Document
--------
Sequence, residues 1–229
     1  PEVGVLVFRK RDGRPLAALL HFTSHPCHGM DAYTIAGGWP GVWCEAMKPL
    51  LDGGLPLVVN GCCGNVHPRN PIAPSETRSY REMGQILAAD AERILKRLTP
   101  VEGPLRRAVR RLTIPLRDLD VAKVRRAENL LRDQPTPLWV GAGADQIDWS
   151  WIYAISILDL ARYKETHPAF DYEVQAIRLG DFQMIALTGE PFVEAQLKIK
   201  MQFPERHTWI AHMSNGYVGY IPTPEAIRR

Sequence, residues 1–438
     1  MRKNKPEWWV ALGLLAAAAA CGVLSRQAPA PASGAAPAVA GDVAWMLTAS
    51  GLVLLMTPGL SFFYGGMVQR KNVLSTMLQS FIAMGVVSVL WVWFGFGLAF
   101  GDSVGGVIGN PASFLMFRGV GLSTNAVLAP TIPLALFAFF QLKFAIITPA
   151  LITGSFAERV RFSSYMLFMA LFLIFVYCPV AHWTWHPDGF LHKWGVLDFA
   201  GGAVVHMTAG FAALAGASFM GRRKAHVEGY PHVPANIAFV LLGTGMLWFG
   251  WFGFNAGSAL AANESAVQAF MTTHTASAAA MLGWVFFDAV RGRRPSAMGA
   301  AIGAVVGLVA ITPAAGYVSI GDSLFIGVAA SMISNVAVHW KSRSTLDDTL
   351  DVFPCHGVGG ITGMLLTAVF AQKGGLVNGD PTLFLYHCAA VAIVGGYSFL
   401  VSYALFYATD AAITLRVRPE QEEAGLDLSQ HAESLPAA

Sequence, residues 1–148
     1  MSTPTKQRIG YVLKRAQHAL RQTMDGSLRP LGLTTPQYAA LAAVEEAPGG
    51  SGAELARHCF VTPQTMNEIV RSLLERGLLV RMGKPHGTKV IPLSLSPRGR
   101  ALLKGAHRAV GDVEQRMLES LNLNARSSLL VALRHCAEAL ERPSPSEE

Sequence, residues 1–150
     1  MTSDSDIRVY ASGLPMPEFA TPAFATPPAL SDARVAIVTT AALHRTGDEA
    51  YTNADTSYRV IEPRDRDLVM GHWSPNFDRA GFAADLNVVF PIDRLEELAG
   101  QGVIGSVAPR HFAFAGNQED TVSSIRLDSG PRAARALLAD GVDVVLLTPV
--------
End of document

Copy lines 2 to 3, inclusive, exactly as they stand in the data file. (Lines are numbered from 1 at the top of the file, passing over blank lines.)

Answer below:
     1  PEVGVLVFRK RDGRPLAALL HFTSHPCHGM DAYTIAGGWP GVWCEAMKPL
    51  LDGGLPLVVN GCCGNVHPRN PIAPSETRSY REMGQILAAD AERILKRLTP